The city of Sherman will have help directing traffic during upcoming improvements U.S. Highway 75.


As work on the nearly $160 million U.S. Hwy. 75 “gap” project approaches early this year, contractor Zachry Construction is asking the city of Sherman to help direct traffic throughout the three-year project. However, the demand is larger than what the Sherman Police Department can offer, officials said.


City Council approved a series of local agreements with neighboring police departments to provide traffic control services throughout the project.


“Being as we are a smaller department, we cannot fill all of that need,” Assistant Sherman Police Chief Jason Jeffcoat said.


During Monday’s city council meeting, the city approved agreements with Denison, Howe Van Alstyne and Pottsboro to provide traffic services for the project. Throughout the construction project, crews will need to close various lanes and will require assistance from off-duty police officers in doing so, Jeffcoat said.


In total, city officials said that Zachry estimates that nearly 9,000 man-hours will be needed for traffic control throughout the project. The demand will range from three officers and patrol vehicles to up to 15 officers during larger closures, Jeffcoat said.


Sherman Community and Support Services Manager Nate Strauch said some officers work up to 12 hours a day, and would only be available for another four hours maximum. The majority of the closures and service would be during night and non-peak hours, he added.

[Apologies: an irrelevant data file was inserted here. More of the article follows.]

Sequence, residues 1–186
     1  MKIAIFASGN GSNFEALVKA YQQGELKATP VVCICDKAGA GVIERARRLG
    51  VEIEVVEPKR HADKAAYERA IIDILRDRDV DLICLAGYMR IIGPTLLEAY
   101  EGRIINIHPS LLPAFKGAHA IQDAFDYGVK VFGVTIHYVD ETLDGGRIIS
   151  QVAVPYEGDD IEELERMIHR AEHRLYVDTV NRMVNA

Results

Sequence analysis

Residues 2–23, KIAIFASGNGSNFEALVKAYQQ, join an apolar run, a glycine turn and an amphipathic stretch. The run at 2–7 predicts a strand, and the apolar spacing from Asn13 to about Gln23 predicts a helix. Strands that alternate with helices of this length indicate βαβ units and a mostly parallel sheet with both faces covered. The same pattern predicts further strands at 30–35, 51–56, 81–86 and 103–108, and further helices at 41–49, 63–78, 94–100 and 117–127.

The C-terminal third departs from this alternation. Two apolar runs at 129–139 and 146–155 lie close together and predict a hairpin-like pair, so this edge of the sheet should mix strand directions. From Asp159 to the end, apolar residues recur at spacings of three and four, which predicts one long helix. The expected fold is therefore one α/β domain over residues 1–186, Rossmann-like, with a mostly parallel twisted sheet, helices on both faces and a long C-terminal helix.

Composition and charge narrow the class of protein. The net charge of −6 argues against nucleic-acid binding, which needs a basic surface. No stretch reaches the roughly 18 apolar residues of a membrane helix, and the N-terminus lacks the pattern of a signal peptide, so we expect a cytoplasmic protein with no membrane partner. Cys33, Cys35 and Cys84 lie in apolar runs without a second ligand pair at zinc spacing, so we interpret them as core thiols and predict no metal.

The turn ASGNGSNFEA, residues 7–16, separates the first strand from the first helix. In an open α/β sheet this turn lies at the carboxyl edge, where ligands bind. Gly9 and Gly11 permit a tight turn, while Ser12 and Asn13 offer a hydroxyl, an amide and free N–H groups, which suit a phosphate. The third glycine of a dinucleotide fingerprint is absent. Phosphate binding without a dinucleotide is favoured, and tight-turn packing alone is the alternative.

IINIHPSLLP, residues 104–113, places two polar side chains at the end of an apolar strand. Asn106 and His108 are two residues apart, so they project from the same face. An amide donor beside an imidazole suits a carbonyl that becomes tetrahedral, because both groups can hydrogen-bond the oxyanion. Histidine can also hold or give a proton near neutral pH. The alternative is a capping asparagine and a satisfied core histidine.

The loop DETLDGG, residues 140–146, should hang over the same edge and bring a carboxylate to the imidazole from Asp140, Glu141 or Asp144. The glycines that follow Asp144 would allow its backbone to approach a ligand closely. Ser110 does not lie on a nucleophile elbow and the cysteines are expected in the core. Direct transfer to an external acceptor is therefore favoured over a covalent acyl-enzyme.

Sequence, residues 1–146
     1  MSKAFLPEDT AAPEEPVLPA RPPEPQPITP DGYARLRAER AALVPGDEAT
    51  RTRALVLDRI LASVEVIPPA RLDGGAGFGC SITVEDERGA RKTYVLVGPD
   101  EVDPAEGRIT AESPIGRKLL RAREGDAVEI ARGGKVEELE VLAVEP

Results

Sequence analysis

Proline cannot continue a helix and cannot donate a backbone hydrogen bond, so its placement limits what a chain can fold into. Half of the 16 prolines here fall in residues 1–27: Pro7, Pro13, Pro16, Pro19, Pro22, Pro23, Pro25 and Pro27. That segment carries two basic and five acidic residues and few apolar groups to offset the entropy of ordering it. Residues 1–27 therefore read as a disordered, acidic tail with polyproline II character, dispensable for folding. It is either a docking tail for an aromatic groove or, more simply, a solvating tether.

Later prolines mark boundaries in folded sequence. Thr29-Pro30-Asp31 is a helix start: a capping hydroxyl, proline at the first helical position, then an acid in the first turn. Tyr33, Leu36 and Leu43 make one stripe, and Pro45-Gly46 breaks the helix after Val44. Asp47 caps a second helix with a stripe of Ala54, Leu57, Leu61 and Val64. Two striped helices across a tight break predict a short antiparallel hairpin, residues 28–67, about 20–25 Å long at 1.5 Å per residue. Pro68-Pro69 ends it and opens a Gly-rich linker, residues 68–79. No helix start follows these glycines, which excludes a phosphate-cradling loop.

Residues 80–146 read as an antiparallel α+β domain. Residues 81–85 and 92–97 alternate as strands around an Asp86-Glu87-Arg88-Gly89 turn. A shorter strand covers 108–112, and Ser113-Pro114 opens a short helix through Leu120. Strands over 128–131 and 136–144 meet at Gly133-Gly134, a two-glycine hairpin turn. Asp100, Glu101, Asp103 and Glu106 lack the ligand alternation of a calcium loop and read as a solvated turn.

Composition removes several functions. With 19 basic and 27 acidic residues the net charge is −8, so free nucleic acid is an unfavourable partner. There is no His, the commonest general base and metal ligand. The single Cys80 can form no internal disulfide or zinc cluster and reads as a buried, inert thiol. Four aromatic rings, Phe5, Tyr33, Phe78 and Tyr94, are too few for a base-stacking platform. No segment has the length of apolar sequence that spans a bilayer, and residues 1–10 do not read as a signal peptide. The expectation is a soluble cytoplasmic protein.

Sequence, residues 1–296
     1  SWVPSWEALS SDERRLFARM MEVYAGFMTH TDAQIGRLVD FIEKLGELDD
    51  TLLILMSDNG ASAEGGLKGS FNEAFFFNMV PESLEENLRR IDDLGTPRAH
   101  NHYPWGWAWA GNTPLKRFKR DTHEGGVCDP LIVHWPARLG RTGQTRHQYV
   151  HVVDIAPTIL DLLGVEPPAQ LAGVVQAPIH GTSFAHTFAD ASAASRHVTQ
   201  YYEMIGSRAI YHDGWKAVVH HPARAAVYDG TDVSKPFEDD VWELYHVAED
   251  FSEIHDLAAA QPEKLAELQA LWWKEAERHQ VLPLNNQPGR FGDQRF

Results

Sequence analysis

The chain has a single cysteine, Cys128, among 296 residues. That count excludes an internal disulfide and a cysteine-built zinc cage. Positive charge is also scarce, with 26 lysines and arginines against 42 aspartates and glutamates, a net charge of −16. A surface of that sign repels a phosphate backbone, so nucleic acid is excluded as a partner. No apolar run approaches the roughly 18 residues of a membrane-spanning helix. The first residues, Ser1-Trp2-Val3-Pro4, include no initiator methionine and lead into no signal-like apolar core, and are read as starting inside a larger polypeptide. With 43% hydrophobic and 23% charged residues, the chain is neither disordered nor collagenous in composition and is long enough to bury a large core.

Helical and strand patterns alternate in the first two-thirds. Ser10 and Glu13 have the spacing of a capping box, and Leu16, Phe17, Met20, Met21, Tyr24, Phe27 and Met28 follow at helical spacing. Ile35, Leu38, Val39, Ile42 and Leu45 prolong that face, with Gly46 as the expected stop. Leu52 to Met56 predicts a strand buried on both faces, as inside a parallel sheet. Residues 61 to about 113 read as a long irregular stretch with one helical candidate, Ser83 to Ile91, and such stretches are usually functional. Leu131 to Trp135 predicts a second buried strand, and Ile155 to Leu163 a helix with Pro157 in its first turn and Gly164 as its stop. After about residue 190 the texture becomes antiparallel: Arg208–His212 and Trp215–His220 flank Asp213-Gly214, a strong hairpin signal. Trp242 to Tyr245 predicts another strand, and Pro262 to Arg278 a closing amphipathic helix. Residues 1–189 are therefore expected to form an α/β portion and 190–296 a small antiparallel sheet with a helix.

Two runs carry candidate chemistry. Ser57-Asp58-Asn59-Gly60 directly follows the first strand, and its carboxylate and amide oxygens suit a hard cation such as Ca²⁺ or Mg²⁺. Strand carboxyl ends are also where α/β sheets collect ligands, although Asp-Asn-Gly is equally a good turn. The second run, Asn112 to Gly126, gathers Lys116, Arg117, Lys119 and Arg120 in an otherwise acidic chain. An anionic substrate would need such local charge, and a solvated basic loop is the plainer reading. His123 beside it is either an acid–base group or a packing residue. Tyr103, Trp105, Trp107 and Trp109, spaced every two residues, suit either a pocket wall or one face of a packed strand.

Jeffcoat noted that these officers would not be used for traffic enforcement and simply would be there to assist in lane closure and keeping construction zones safe for crews.


Under the agreements, the cities will pay their officers for their service and invoice the city of Sherman for the expense. Sherman in turn would then invoice Zachry for these costs. Strauch noted that the city is expected to break even on this agreement, and this would not be a revenue source for the city.


The U.S. Hwy. 75 project was nicknamed “the gap” project as it would see improvement to the one piece of U.S. Hwy. 75 in Texas that is not at interstate standards. In addition to bringing it up to standard, the project will also see improvement to the intersection of Hwy. 75 and U.S. Highway 82 to alleviate congestion issues, among other improvements.


In its contract with the Texas Department of Transportation, Zachry said it expects to have the project completed within 800 days. Jeffcoat said road closures could start as early as this weekend.


Michael Hutchins is the local government reporter for the Herald Democrat. He can be reached at mhutchins@heralddemocrat.com. For more information, visit www.heralddemocrat.com and search for “Closing the US 75 Gap.”